How Conan Doyle's detective destroyed Jeremy Brett
This piece of mine on the late, great Jeremy Brett, appears in the Sunday Express.
With a movie and TV series based on Sherlock Holmes out soon, Neil Clark recalls Jeremy Brett and the sacrifices he made to be the greatest Baker Street detective.
This weekend the latest Sherlock Holmes film, ‘A Game of Shadows’, starring Robert Downey Jnr in the title role, opened in cinemas across Britain. The New Year meanwhile sees the return of Benedict Cumberbatch in BBC‘s series ‘Sherlock’. Overall, Sir Arthur Conan Doyle’s legendary detective has been played by more than 70 actors on the big and small screens but for Sherlockians-the hardcore fans of the pipe-smoking Victorian sleuth, one stands out from all the rest for his portrayal: Jeremy Brett.
Brett played Holmes in 36 one-hour episodes and five feature length specials on ITV between 1984 and 1994, programmes which are still regularly broadcast all over the world today. Brett’s Holmes is widely regarded to be the definitive version; the closest to the Sherlock Holmes in the original stories.
Brett was a perfectionist who took his role seriously but he paid a terrible price for his art. In a story as fantastic as any of Conan Doyle‘s tales, the brilliant but melancholy detective took over the life - and mind- of the sensitive British actor who played him.
"Holmes was a shell in which he (Brett) began to live. The dark, cerebral detective sometimes took him over, and the actor and the part he played for ten years eventually became one,” says Terry Manners, author of ‘The Man who became Sherlock Holmes- The Tortured Mind of Jeremy Brett’.
At the time he started playing Holmes, Brett was already a well-established actor. Born Peter Jeremy William Huggins, into a wealthy upper-middle class background in 1933, Brett’s father was the Lord Lieutenant of Warwickshire, while his mother, Elizabeth Cadbury, was a member of the famous chocolate manufacturing family. After attending Eton, Brett set out to be an actor and made his stage debut in 1954. His most famous film role came 10 years later, when he played Freddie Eynsford-Hill in the classic musical My Fair Lady.
In 1982 he was offered the part that was to change his life. Terry Manners says that Brett’s close friend, the actor Robert Stephens- who had played Holmes in a 1970 film, warned him about the demands of the role. “Don’t bloody well do it! You will go into such a pit to get into that man that you will self-destruct“.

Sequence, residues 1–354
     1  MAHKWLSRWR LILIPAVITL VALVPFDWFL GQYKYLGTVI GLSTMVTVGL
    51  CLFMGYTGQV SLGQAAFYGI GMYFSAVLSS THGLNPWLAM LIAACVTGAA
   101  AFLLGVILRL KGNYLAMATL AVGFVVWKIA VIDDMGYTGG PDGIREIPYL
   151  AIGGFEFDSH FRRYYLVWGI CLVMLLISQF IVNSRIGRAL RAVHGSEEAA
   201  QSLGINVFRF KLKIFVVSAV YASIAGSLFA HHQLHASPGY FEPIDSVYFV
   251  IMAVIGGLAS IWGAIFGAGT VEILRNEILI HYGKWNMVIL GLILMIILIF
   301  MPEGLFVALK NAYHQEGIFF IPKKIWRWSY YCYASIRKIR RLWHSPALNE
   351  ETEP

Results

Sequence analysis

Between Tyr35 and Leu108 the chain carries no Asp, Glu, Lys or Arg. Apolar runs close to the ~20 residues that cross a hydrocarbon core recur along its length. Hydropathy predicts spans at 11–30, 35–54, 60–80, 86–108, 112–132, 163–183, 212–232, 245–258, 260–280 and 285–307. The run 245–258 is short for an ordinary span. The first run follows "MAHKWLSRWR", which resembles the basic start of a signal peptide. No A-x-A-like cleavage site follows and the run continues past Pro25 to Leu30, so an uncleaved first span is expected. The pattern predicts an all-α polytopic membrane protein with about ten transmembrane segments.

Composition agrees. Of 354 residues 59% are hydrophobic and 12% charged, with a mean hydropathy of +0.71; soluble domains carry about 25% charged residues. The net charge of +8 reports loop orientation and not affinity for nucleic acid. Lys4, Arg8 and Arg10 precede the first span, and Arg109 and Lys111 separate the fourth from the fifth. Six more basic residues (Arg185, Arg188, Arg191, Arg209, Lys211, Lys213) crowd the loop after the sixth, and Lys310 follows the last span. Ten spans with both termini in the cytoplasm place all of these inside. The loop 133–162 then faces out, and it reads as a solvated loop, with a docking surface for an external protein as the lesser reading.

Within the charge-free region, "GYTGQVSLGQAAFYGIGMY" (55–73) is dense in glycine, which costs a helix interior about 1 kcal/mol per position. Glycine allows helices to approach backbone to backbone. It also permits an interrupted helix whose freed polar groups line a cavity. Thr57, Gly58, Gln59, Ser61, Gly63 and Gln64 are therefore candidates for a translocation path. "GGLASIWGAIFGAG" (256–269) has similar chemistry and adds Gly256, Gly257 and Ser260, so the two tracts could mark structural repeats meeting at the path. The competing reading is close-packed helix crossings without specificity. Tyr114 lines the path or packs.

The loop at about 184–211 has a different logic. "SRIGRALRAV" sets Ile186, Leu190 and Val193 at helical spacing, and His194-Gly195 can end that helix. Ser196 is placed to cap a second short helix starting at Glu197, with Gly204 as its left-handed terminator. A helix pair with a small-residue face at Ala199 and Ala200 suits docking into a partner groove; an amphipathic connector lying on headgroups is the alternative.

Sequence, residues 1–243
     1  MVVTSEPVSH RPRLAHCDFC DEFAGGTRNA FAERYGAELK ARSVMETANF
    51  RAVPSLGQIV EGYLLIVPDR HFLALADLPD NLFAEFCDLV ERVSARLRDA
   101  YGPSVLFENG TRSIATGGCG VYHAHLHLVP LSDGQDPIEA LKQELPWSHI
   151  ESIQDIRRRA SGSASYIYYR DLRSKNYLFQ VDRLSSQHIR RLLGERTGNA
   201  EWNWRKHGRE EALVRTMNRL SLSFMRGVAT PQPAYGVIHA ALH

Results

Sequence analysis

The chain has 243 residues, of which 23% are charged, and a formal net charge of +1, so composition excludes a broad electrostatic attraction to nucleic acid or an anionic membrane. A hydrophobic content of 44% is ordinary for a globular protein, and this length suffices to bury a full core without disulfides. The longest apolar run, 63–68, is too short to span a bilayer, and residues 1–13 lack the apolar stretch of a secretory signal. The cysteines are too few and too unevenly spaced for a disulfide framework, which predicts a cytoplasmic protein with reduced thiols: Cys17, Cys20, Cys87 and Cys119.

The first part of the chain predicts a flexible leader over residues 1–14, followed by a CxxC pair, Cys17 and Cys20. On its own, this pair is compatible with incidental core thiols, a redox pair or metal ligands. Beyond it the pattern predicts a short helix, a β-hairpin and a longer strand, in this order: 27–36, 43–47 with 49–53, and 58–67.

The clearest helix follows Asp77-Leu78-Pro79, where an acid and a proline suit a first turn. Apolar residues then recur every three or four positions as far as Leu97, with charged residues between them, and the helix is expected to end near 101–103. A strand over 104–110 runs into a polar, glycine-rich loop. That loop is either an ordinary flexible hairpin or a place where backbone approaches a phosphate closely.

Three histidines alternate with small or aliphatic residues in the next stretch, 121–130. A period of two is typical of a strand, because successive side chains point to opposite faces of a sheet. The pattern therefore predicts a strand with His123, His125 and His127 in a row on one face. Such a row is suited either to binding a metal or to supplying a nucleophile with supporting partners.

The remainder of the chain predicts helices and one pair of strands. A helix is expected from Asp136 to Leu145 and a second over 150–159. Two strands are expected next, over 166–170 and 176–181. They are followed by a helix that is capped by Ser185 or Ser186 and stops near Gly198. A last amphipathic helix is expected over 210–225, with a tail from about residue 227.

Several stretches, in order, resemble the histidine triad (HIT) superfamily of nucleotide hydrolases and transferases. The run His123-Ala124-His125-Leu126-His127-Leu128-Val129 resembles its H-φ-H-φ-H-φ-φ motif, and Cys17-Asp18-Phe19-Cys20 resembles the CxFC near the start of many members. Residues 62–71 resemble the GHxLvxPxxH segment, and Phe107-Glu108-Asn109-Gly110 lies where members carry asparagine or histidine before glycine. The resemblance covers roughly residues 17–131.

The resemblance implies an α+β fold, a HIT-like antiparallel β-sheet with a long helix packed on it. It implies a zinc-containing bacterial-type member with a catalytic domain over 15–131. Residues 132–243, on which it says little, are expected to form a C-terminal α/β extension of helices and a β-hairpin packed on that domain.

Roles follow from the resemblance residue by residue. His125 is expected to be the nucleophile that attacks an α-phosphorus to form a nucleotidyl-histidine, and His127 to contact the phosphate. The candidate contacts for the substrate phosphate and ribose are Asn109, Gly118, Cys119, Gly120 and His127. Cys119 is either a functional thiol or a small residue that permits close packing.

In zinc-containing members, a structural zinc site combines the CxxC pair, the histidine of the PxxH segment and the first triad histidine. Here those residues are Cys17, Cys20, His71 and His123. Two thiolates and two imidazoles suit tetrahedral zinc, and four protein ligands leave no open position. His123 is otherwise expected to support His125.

For Brett, however, the challenge of playing the great sleuth in the new Granada tv production was too big to pass up. Brett immersed himself in his new role. He re-read all Conan Doyle’s original stories. The producer of the series and his assistants compiled a 77-page ‘Baker Street File’ on everything relating to Holmes’ habits and mannerisms which became Brett’s Bible. “While other actors disappeared to the canteen for lunch, Brett would sit alone in the set’s Victorian sitting room , thinking about Holmes, fretting about him,. Terry Manners records. “Jeremy was anxious to capture not just the darkness and cerebral power of Holmes, but also the period. Day and night he would sit huddled over history books, trying to recapture the Sherlockian 1890s”.
Brett was determined not only to ape all of Holmes’ mannerisms, but to look exactly like the man he was supposed to be portraying. He grew his hair longer and lost a stone in weight to appear as Holmes appears in Walter Paget’s illustrations. His brother even taught him to smoke a pipe.
Brett’s meticulous performances earned him rave reviews. “Brett’s true brilliance is overlooked not because no one says he is splendid but because everyone does”, wrote Kevin Jackson. Dame Jean Conan Doyle, daughter of Sir Arthur, sent him a letter which said : “You are the Sherlock Holmes of my childhood”. Few knew the stresses that the actor was under however. The death of his second wife Joan from cancer in 1985, pushed Brett into depression. Playing Holmes added to his anguish. “Holmes is the hardest part I have ever played — harder than Hamlet or Macbeth. Holmes has become the dark side of the moon for me. He is moody and solitary and underneath I am really sociable and gregarious. It has all got too dangerous”, he admitted.
After suffering a nervous breakdown, Brett spent eight weeks at the Maudsley Psychiatric Hospital in London. He was diagnosed as a manic-depressive.
Brett’s mental torment took a toll on him physically. The lithium which he was prescribed for his depression made him appear bloated. During the filming of the last Holmes series in 1993, Brett, whose heart had been damaged by childhood illness, arrived on set in a wheelchair and needed an oxygen mask. When the programmes were televised, fans were shocked at his physical deterioration. Those who worked on the set with Brett, and who loved him for his generosity and kindness, were greatly saddened at his decline.
Brett died from heart failure in London in September 1995, aged just 61.
“Some actors fear if they play Sherlock Holmes for a very long run the character will steal their soul, leave no corner for the original inhabitant", he said in one of his final interviews.
As the latest incarnations of the world’s most famous detective appear at the cinema and on our television screens over the festive season, let us remember the ultra-dedicated professional who gave everything he had in his ambition to be the greatest Sherlock Holmes of them all.